The fifth thing in this Bargain, is, The Manner of Christ’s proposing the same, I counsel thee, etc., Which is not so proposed, as if it were left indifferent to them to hearken or not. But it is thus expressed for these Reasons; 1. That thereby He may bear out His affection, who, as a Friend, condescends to give them counsel in things that are of most concernment for their own good. 2. This also shows the necessity and advantage of following this advice, because they are counselled to it by Him that is the Counselor, Isa. 9:6, and the Father’s substantial Wisdom. It must therefore be folly to reject His advice. 3. It is thus expressed, to gain their consent the more willingly to the same: Therefore in the Gospel, He does beseech and entreat, etc., that thereby hearts may be induced to submit cheerfully to Him…
3. As there is a fullness in Christ; so there is a freeness in Grace to make that fullness forthcoming to sinners that will follow Christ’s advice: and there is no sinner that hears this Gospel, but may think himself sufficiently warranted to close this bargain with Christ, if heartily he submit to the terms thereof. But of these no more for the time.
The fourth thing in the body of the epistle, is our Lord’s pressing of this His counsel: Which is done two ways, verses 19,20, As many as I love, I rebuke and chasten, (saith He) be zealous therefore and repent. The first part of the verse has the argument in it, the second part is a conclusion drawn from it. The argument is, Whom I love, I rebuke and chasten; that is, it is not my way to reprove with words or chasten with rods these whom I carry no respect unto; but I use this way to them whom I love, as I love my visible Church, which is confirmed from Prov. 3:12… The second part of the direction, is, And repent: Which calls them kindly to be affected with their hypocritical condition: and these two are inferred by the word, Therefore, from the former ground that expresses God’s love to them.”
“Behold, I stand at the door, and knock: if any man hear my voice, and open the door, I will come in to him, and will sup with him, and he with me.”
The second way He presses it, verse 20, is, by a most instant and importunate pursuing of His offer, with a protestation of his being there, and of his making the same. This is done four ways;
1. By showing His work and posture, I stand at the door and knock. Hearts are naturally as castles shut and guarded by the Devil against Christ: When He comes with His ordinances, He does thereby, as it were, lay a siege at them, and by His word knock at the doors thereof to gain their consent; and the more pungently he presses by His ordinances, He is said to knock the more: And in this respect, Song 5:2, His voice is said to knock at the believer’s door in their sleepy condition. Here these two things are imported:
1. Christ’s continuing to deal with His Church, and to wait upon her in His ordinances, notwithstanding of her many former refusals. Thus, He is said to stand at the door: Whereby is holden forth their ingratitude to him, in keeping of Him out, and His patience that still waits on.
2. In this, by the other word, is imported His growing more instant in His dealing with them: Therefore He is said to knock. And indeed if the former sharp threatening and charge, and the sweet free Offer be considered, it may well be said that now His knocks are doubled.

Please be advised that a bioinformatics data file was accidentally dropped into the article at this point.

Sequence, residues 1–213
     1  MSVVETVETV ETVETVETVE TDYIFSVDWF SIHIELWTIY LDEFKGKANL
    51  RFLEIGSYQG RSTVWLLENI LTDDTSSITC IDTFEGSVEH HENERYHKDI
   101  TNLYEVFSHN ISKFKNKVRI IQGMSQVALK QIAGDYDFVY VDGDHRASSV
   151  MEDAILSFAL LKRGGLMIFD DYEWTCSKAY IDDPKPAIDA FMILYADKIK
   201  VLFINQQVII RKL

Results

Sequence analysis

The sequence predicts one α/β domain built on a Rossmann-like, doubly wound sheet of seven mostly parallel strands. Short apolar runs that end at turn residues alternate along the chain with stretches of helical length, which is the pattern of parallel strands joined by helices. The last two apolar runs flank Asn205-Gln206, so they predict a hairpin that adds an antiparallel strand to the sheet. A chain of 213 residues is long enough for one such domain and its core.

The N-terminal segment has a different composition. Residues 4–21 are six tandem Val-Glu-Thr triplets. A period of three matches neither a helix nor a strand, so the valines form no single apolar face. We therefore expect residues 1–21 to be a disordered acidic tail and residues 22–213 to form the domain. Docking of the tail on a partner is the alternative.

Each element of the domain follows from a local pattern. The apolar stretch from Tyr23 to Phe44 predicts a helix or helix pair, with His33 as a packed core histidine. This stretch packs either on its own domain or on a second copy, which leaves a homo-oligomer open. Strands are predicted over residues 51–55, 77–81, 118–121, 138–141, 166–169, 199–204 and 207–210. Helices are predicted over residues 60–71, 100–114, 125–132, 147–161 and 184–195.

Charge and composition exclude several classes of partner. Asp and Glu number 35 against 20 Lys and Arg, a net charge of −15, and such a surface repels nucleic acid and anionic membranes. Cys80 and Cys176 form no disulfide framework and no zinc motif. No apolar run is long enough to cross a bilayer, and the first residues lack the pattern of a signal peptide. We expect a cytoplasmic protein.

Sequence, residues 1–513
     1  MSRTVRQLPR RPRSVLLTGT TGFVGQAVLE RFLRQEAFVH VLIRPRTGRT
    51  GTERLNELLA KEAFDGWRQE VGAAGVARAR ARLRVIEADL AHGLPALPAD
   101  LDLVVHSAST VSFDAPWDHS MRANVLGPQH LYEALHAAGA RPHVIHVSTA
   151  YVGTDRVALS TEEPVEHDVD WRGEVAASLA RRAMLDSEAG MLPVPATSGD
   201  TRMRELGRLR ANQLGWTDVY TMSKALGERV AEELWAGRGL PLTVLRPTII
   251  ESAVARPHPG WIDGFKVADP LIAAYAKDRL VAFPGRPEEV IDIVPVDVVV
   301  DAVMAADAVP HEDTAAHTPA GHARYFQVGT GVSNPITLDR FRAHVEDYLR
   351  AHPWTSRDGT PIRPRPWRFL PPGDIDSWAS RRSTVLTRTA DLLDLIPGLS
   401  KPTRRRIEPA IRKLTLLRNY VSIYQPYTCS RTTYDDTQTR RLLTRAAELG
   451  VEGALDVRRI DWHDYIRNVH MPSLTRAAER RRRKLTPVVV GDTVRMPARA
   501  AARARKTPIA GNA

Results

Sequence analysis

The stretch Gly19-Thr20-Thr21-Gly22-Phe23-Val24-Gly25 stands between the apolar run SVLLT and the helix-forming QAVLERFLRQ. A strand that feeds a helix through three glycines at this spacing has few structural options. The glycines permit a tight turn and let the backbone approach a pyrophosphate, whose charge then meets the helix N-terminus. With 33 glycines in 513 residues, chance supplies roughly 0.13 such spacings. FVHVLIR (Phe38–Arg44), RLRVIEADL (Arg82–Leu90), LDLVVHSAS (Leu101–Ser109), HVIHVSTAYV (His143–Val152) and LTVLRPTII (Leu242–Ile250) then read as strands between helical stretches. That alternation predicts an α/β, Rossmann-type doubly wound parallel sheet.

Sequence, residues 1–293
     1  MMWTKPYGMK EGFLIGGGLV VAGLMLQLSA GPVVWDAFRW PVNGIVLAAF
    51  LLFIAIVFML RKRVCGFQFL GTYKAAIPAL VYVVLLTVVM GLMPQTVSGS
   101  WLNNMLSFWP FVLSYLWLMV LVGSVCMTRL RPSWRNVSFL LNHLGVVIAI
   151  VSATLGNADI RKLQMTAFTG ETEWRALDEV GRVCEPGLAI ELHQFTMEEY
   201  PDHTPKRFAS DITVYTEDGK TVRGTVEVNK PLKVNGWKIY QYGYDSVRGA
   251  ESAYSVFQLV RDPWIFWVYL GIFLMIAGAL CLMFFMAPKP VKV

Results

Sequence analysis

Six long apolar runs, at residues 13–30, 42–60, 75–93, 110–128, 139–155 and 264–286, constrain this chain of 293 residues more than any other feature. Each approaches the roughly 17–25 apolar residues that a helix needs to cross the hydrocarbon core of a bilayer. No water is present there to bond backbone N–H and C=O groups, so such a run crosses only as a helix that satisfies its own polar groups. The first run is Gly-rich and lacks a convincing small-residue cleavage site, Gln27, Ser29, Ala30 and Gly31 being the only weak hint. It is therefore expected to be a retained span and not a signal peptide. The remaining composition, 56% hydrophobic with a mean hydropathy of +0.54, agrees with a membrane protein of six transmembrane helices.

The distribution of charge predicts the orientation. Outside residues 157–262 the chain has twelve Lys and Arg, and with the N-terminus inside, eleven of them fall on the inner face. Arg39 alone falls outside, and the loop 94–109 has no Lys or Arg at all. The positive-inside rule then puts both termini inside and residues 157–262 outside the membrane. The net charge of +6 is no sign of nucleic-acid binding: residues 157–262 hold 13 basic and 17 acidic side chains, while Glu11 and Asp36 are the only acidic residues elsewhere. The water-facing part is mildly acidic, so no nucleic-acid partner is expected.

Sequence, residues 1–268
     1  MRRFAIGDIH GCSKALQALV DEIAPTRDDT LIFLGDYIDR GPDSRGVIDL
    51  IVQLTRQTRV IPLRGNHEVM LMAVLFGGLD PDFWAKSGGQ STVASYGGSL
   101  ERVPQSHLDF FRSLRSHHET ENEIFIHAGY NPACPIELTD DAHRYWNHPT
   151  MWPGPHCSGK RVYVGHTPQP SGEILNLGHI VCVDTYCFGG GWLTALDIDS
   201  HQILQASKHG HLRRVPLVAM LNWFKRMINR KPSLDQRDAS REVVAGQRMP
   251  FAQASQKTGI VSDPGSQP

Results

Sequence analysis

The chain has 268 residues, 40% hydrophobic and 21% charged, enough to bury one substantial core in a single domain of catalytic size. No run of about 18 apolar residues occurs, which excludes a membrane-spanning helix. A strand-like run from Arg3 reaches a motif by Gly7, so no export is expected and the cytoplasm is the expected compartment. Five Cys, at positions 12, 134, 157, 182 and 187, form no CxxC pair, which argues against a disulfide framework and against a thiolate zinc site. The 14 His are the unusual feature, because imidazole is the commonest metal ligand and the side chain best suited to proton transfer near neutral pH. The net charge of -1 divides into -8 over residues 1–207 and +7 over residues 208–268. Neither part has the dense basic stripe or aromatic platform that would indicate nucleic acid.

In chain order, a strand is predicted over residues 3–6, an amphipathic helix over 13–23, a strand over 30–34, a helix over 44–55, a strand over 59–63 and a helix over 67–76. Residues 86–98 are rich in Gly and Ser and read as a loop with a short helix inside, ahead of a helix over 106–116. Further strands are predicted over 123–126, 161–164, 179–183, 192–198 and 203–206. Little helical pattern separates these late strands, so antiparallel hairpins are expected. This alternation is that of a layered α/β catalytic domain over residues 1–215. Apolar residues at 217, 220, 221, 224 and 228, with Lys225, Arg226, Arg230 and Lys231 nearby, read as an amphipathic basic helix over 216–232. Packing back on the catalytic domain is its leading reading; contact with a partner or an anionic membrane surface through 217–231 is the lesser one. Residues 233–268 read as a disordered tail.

2. The second way He presses in this verse, is, by making His offer particular, as it were, bringing it to every man’s door, If any man hear My voice, and open the door, etc., Wherein 1. He expresses what He would have. 2. From whom.
(1) What He would have, is in two expressions, the one is, If any man hear my voice; that is its hearkening to His voice which he requires, as Ps. 95:7, for the want of which He complains, Ps. 81:13. And in these expressions often the terms of the Covenant of Grace are expressed, as Isa. 55:2,3, and is upon the matter, that same with buying formerly mentioned, as in that place of Isaiah is clear. And it sets forth faith’s consenting to hear and hearken to, and accept of God’s Offer of Grace in the Covenant; as, refusing to hear, holds forth men’s rejection of the same… This then is the duty called for, and the terms upon which the offer is made, to wit, Faiths yielding to receive and admit Christ, for the End for which He is proposed.
(2) Secondly, the person called to this, is expressed thus, If any man, etc., Which puts it so to every hearer, as if it went round to every particular person, If thou, and thou, or thou, etc., And this manner of expression does obviate any objection which might rise, such as, What if the most part reject [the offer]? Be it so, says He, If any man open, it shall be well with him: Or if it should be objected, I am a sinner, miserable, a hypocrite of long standing that has often rejected the Gospel, etc., This If any man will open, etc., answers all these at once: Because where the Lord says, Any man, without exception, who is he that can limit the same, where a person of whatsoever condition or qualification is found, that will accept of the offer according to the terms proposed? And so this any, is a is a particular application of the former advice; yet such a particular application as reaches every one of whatsoever condition they be.
3. The third way how it is pressed here… And what more can there be requisite to press the making of Christ welcome by sinners, than such a promise, or rather, three promises put in one?